abstract = "Objective: This study aimed to examine whether 1-month BMI improvement is predictive of superior 6- and 12-month BMI changes in a national sample of youth in pediatric weight management treatment. Methods: Participants were 4- to 18-year-olds from the Pediatric Obesity Weight Evaluation Registry, a prospective study collecting data from 31 pediatric weight management programs across the United States. Response at 1 month was defined as ≥ 3{\%} BMI reduction; success at 6 and 12 months was defined as ≥ 5{\%} BMI reduction from baseline. Analyses used linear and logistic regression with robust variance estimation. Results: Primary analyses were completed with 687 participants (mean age 12.2 years). One-month responders demonstrated significant improvements in BMI compared with nonresponders at 6 months (BMI, −2.05 vs. 0.05; {\%}BMI, −5.81 vs. 0.23; P < 0.001 for all) and 12 months (BMI, −1.87 vs. 0.30; {\%}BMI, −5.04 vs. 1.06; P < 0.001 for all). The odds of success for 1-month responders were 9.64 (95{\%} CI: 5.85-15.87; P < 0.001) times that of nonresponders at 6 months and 5.24 (95{\%} CI: 2.49-11.02; P < 0.001) times that of nonresponders at 12 months. Conclusions: In treatment-seeking youth with obesity, early BMI reduction was significantly associated with greater long-term BMI reduction. Nonresponders may benefit from early treatment redirection or intensification.",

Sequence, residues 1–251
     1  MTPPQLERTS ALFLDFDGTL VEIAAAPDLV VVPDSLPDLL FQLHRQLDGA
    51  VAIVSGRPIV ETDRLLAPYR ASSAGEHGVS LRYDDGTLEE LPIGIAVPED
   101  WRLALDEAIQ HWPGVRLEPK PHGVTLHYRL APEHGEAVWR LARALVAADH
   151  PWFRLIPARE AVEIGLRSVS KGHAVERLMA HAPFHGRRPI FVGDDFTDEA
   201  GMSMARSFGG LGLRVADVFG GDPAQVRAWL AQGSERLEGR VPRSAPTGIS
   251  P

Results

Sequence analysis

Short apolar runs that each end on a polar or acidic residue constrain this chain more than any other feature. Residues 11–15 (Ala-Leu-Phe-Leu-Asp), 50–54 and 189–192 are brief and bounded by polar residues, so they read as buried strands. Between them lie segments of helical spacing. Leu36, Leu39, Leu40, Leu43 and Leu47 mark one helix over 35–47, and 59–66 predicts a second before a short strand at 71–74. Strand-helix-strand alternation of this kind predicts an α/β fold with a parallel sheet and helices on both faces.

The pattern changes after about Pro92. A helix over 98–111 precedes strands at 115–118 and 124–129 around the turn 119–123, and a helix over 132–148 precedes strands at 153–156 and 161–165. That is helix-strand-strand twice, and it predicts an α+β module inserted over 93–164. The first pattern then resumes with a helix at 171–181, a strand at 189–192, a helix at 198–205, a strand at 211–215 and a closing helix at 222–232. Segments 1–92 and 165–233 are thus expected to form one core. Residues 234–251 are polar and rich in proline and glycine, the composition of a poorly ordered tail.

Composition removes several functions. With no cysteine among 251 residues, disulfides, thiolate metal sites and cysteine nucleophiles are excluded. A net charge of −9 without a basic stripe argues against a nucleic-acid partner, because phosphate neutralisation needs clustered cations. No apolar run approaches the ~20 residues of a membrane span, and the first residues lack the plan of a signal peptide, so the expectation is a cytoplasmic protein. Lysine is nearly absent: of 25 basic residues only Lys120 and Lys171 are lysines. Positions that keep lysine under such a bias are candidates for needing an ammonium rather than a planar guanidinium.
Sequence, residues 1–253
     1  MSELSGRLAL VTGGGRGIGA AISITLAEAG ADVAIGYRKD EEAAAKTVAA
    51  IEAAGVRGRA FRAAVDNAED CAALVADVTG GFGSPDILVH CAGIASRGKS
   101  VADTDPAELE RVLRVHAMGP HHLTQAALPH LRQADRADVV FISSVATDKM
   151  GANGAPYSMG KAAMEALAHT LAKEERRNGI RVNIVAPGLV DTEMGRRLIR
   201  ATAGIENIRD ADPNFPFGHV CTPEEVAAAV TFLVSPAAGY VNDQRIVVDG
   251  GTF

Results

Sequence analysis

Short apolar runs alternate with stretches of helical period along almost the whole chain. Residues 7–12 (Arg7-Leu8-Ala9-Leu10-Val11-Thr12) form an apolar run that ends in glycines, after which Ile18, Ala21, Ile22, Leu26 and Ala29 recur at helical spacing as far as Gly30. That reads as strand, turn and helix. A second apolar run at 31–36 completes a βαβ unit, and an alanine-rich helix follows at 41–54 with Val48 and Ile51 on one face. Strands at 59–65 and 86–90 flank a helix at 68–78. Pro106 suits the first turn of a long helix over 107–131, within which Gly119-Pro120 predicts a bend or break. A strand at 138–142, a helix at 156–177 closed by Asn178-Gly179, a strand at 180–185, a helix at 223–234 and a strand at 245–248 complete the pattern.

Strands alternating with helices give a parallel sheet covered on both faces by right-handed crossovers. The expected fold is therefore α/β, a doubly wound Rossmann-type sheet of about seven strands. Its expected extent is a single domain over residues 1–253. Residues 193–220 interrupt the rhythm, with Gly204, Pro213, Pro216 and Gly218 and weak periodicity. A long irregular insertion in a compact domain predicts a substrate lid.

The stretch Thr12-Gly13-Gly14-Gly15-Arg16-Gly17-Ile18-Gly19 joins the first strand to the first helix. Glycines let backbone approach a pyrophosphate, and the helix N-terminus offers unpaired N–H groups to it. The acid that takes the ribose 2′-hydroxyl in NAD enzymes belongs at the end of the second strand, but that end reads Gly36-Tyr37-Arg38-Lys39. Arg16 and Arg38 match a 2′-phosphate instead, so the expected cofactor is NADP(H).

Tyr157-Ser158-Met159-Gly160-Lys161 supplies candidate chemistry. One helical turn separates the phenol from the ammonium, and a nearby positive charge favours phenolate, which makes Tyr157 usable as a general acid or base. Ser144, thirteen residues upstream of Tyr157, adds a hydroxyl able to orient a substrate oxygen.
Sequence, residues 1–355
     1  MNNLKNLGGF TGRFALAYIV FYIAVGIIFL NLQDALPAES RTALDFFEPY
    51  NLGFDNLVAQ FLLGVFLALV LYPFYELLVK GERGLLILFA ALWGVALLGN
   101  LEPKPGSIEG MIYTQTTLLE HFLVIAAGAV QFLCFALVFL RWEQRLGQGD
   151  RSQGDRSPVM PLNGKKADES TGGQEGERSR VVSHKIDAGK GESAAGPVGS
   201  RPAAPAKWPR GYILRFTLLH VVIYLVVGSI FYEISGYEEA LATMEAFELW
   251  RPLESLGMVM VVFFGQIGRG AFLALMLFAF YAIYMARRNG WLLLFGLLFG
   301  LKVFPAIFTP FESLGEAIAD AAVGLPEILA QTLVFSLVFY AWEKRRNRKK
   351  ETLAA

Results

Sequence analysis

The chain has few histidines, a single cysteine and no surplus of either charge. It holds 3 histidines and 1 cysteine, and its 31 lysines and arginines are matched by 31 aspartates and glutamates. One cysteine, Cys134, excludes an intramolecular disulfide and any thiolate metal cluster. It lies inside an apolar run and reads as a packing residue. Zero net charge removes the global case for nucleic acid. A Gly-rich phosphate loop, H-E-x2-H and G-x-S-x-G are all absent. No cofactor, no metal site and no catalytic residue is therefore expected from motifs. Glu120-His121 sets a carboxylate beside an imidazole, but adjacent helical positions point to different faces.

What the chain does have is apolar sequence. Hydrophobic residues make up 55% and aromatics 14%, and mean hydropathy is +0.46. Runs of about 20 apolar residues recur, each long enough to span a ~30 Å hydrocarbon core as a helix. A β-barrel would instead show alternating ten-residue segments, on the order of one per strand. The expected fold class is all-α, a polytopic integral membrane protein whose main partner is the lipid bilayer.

author = "{POWER Work Group} and Gross, {Amy C.} and Kaizer, {Alexander M.} and Kelly, {Aaron S.} and Rudser, {Kyle D.} and Ryder, {Justin R.} and Borzutzky, {Claudia R.} and Melissa Santos and Gross, {Amy C} and Yee, {Jennifer K.} and Fox, {Claudia K}",